"One thing is certain," I went on, "you are a slave and the son of slaves. You are a coward and the son of cowards. When the sun rises in the morning it turns red with shame that it must shine on you--"

Then I felt the lash of the whip; I stopped for a moment to breathe. "And the moon hides its face and weeps," I improvised wildly, anticipating the next stroke, knowing that watching a slave being beaten to death would be considered a mild entertainment for people who regularly watched men slaughter each other.

But the next stroke never fell. I turned and was rendered temporarily speechless by the sight of the tall, handsome woman who had mounted the block and grabbed Pug Face's arm, knocking the whip out of his hand.

"Don't mar your wares before I get a good look." The woman's voice was brisk.

More swiftly than I would have imagined possible, Pug Face recovered himself and shifted smoothly into his most obsequious gear.

"Delighted to see you, domina. Always a pleasure to do business with you. Delighted to be of service. Would you like me to remove her garment?"

"If you can call that sack a garment. Yes, strip her. And don't even think about telling me she's a virgin with that mouth on her. You're lucky I didn't go to the aedile about that last piece of baggage you passed off as pure. Next time you say you have a virgin for sale I'm inspecting her hymen right here. As for this one, there's no need for me to get a crick in my neck. She's already whelped at least once. See?" She pointed. "Stretch marks. What happened to the brat?" she addressed me. "Dead, exposed, or sold?"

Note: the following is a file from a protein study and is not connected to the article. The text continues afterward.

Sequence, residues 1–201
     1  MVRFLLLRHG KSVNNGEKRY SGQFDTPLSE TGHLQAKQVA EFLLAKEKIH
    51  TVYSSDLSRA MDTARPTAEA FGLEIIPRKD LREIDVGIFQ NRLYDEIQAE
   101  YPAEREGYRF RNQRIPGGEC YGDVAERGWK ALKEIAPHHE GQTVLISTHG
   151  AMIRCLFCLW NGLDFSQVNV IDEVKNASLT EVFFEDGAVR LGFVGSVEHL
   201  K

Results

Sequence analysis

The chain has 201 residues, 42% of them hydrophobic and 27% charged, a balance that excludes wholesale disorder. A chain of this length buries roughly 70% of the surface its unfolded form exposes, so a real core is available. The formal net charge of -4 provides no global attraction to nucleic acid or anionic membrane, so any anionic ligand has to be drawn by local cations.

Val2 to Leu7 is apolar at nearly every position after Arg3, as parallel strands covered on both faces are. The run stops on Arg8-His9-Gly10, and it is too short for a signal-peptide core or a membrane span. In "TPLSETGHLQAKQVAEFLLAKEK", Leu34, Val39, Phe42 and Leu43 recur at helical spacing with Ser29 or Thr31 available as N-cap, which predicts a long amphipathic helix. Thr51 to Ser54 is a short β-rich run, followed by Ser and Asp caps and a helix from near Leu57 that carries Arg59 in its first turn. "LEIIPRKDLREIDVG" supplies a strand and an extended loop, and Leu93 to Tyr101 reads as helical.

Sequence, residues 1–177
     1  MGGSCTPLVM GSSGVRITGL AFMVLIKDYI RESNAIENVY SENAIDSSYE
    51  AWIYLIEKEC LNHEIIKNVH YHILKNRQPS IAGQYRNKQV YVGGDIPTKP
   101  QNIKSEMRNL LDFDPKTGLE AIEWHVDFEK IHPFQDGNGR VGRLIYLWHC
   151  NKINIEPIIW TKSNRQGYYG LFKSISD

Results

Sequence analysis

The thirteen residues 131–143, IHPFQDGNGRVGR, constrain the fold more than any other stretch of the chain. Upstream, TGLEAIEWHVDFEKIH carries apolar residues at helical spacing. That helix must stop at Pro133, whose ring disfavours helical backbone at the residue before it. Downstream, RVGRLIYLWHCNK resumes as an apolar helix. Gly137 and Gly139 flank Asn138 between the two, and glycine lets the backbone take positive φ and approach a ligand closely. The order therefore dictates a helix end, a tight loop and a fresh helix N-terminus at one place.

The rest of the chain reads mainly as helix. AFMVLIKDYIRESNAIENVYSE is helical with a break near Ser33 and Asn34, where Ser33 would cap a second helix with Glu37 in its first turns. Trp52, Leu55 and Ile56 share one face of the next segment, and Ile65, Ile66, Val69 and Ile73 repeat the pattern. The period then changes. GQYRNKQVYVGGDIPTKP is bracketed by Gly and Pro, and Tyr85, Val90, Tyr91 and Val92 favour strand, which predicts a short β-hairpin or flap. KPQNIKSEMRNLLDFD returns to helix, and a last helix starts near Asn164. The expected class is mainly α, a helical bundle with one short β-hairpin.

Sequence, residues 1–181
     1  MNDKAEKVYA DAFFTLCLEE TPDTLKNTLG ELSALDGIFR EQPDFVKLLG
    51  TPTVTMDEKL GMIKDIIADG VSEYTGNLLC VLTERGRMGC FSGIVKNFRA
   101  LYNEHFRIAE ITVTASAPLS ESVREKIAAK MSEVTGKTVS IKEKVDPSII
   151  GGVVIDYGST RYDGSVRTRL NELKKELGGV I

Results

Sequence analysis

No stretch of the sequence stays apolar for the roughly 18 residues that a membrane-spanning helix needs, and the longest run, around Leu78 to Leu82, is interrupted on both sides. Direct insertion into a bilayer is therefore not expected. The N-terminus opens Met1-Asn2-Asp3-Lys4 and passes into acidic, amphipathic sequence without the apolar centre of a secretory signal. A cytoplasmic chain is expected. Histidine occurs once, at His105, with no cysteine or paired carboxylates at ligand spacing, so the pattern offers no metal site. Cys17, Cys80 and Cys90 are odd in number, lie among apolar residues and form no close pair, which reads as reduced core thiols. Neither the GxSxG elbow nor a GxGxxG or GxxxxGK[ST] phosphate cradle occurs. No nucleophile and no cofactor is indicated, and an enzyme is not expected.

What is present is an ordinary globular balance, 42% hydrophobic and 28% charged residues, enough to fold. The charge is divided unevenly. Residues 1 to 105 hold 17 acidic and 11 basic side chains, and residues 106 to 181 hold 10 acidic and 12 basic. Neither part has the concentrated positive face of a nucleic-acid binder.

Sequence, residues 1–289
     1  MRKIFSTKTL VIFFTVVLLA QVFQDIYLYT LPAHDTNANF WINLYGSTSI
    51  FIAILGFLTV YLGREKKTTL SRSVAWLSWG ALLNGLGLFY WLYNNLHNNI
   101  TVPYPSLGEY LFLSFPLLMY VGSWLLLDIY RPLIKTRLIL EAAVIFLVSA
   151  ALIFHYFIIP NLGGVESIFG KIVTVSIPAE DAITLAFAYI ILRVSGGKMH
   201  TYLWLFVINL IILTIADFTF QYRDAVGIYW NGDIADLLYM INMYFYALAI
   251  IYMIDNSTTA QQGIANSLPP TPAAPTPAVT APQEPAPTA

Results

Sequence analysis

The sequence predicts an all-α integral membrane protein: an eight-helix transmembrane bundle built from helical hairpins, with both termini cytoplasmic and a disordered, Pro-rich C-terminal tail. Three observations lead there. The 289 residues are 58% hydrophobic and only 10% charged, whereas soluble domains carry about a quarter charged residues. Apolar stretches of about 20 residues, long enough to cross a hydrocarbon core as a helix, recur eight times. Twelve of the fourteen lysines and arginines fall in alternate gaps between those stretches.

Never mind that I was naked, far from any place I could call home or any people I could call mine in front of a leering Roman crowd. There are things you recover from -- like being raped by a man who turned out to be my father, which is why being raped by my captor was a mere outrage. And there are things you never get over. Having a child stolen from your arms is one. I stared at the woman. I saw how hard her face was, hard as the street stones pounded into the innocent earth, smooth as the marble slabs the Romans like to pile into huge, ugly buildings. I stared till my eyes were dry and I could no longer see the brightness I'd once held against my breast. The woman made the mistake of staring back. Her face did not soften exactly, but something strained it for an instant.

"Never mind," she said. "As far as I'm concerned, you have no past as long as it doesn't interfere with present purposes. Mine. Now, open your mouth."

"A fine set of choppers if I do say so myself." Pug Face inanely took credit.

What could he or anyone in this world know of the source of my strong teeth and bones, the sixteen lactating breasts of my mothers and the magical orchard on Tir na mBan that blossomed and bore fruit the year round.

After she inspected my teeth, she searched my head for lice. "He's gotten better about cleaning them up," she spoke to herself. "Or maybe this one kept herself clean. Would have been a shame to shave this head. And as red below as above. That could be popular."

"I'll come around if you set her out," said one man. "I like them picante."

"I haven't quite made up my mind. You there," she said to Pug Face, "show us how clean you think she is. Wait, let me have a look at you first."

To the crowd's delight, she inspected his mouth as thoroughly as she had mine. Then she gestured for him to lift his tunic and with an apparently practiced eye she appraised his prick. Pug Face bore it all with an ingratiating grin. He wanted a sale. Badly.